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tryman Mr. Reuben Burrow, who is now in the East, applying himself, diligently, to the study of the Sanscrit language.

The moral philosophy of the Hindoos is so mixed with religious fables and so obscured by metaphysical jargon, that it is in reality a compound of a very peculiar form, and it is, perhaps, held in veneration as much for its intricacy and obscurity as for its pretended divine original: we shall only observe, in general, that it contains many important truths, and that its practice

seems well calculated to promote the happiness of mankind. • The laws which are established on its principles have the general

recommendation of equity; though, perhaps, some objection may be made to those which compose the ceremonial code : fome of them, however, like thofe of the Jews, are calculated to promote the health of their observers, by compelling them to govern their passions, and by prescribing a wholesome diet.

Having now gone through the contents of the Ayeen Akbery, our readers must see, that, in several points of view, it is a moft useful and interesting work. To the historian, it must be peculiarly acceptable ; more especially as all the accounts that have been transmitted to us, either by ancients or moderns, of this (hitherto little known) people, are replete with evident contra. dictions: We are now presented with their history, manners, religious creed, laws, ceremonies, philosophy, and government, by one who lived among them; and for this acquisition we are obliged to the zeal of an Hastings, an Halbed, a Wilkins, and a Gladwin, who, with the powerful aslistance of the East-India Company, have, at least in part, removed the veil, which concealed the literature of the Brahmins from European eyes. By promoting the study of the eastern languages, and by encouraging an intercourse between the learned of the different nations, they have enabled us to read the Hindoo books, so that we are no longer obliged to credit, implicitly, different travellers, who, unacquainted with the language, and having little or no communications with the natives, muft, in course, give imperfect accounts of the country, and misrepresent, perhaps through igonorance, the manners of the people, together with their religious and philosophical tenets. But beside the advantages that the cause of literature may derive from the labours of these gentlemen, an intimate acquaintance with Hindoftan and its inhabitants, must, in a commercial and political view, be a matter of confiderable national importance; for trade and social intercourse can never be so well carried on with a people of whose real character, and modes of thinking, we are, in many respects, ignorant, as with those whom we intimately know; and the better we know them the more advantageous will the commerce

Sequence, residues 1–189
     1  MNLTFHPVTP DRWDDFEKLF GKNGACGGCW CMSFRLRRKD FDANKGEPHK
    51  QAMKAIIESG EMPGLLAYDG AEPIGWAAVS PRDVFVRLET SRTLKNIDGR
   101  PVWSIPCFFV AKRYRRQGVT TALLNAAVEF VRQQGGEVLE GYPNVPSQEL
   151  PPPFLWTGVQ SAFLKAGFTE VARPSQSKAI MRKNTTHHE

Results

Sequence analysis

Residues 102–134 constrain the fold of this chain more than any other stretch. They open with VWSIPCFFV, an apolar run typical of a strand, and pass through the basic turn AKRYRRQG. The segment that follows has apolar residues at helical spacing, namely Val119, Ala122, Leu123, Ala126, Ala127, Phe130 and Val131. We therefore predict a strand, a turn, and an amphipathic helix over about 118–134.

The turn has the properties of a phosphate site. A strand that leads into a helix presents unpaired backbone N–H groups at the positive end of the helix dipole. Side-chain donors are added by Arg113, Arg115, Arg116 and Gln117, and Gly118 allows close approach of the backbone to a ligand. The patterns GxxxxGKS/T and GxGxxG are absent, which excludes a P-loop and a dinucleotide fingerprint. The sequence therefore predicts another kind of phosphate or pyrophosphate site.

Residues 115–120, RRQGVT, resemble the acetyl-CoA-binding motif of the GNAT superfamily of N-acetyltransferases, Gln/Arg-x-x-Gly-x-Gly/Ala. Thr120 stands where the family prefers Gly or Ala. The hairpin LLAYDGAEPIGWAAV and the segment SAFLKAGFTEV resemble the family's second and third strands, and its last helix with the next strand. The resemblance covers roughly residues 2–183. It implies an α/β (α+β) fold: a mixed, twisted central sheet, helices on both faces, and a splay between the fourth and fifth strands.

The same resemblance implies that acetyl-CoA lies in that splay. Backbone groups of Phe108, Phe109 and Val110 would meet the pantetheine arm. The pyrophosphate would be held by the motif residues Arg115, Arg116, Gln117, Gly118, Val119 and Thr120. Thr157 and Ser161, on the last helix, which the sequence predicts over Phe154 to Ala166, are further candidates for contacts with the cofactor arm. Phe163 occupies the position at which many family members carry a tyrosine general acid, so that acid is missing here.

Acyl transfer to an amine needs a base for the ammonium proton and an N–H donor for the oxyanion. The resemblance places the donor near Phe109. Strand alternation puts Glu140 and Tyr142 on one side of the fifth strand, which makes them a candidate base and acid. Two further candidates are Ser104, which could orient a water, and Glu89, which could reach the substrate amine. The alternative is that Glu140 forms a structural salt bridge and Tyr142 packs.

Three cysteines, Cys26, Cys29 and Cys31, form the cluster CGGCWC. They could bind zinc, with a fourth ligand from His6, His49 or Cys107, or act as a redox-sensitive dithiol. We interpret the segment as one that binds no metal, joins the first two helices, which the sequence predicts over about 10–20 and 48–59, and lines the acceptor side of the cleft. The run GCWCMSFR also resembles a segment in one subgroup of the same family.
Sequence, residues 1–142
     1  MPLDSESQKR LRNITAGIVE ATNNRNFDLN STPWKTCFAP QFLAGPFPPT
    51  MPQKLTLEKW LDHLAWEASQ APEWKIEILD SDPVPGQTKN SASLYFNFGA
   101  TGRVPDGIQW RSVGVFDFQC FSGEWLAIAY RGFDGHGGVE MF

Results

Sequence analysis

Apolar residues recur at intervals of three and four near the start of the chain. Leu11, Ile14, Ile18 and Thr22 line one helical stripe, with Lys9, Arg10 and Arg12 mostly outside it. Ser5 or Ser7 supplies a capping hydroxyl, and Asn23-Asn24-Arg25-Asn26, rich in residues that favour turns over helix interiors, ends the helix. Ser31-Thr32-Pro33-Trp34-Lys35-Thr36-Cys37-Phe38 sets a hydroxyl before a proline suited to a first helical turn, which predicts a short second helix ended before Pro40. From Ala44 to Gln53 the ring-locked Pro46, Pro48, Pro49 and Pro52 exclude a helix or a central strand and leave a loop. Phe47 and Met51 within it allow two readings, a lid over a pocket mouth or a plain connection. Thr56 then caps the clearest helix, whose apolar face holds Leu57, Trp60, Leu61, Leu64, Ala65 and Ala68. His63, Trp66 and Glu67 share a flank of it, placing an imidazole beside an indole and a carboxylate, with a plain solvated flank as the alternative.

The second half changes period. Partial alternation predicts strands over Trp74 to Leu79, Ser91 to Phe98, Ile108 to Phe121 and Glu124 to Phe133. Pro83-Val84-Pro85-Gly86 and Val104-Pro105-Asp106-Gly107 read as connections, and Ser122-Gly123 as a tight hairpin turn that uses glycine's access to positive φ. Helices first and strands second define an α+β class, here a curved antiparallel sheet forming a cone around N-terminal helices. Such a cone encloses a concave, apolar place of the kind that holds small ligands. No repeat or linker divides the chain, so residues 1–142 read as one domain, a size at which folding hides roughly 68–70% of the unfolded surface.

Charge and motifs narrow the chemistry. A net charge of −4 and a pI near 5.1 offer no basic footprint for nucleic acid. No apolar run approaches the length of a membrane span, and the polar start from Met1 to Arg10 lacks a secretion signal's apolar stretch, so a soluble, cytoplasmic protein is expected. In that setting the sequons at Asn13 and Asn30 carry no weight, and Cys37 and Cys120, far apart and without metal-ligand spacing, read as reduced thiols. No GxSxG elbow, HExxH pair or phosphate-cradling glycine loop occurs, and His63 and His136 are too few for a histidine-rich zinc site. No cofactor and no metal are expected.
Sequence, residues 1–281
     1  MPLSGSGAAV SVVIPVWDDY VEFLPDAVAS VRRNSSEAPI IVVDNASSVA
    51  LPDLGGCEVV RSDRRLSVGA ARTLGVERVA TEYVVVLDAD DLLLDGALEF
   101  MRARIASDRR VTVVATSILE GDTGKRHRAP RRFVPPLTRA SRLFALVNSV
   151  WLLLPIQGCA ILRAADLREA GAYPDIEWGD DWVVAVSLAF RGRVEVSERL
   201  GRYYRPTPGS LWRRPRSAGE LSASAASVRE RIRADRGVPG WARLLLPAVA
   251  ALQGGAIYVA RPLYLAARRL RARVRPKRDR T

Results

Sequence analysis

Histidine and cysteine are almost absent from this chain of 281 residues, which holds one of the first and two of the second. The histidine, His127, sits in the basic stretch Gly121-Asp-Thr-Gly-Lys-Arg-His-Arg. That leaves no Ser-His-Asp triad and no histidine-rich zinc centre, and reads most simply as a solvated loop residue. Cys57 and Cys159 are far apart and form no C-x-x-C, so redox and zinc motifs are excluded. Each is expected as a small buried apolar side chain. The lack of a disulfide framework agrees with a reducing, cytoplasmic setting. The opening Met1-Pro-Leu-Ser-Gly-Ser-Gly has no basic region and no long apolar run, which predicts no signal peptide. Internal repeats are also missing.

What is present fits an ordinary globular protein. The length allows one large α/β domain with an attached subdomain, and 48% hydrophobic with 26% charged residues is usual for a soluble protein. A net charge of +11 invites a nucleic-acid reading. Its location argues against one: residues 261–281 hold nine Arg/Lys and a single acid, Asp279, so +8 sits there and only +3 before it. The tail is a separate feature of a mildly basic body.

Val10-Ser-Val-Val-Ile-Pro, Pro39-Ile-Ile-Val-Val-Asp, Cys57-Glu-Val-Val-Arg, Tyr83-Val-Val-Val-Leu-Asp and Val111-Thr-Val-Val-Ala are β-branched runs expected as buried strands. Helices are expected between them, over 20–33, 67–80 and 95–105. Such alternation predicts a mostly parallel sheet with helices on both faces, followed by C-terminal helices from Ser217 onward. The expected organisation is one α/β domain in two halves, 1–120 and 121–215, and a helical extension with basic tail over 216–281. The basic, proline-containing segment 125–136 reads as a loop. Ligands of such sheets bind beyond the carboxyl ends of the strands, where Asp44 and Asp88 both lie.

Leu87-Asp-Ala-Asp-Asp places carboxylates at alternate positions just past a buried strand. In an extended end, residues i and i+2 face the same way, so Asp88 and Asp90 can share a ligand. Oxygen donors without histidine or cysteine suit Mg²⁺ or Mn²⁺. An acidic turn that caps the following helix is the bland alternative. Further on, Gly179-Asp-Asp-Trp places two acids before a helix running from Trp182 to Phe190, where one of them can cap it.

* For some particulars of it, see p. 591. in the article of the Ba. gavadam.

become.

become. Humanity,

also, rejoices to fee, as we now do, by the affiftance of our translators of the Hindoo books, that the inha. bitants of these distant countries are not an ignorant people, but men endowed with strong natural faculties,-men of learning and discernment,-men who have inculcated the obligations of morality, and who, in regard to fincerity in the practice of what they profess, are, at least, on an equal footing with our. felves,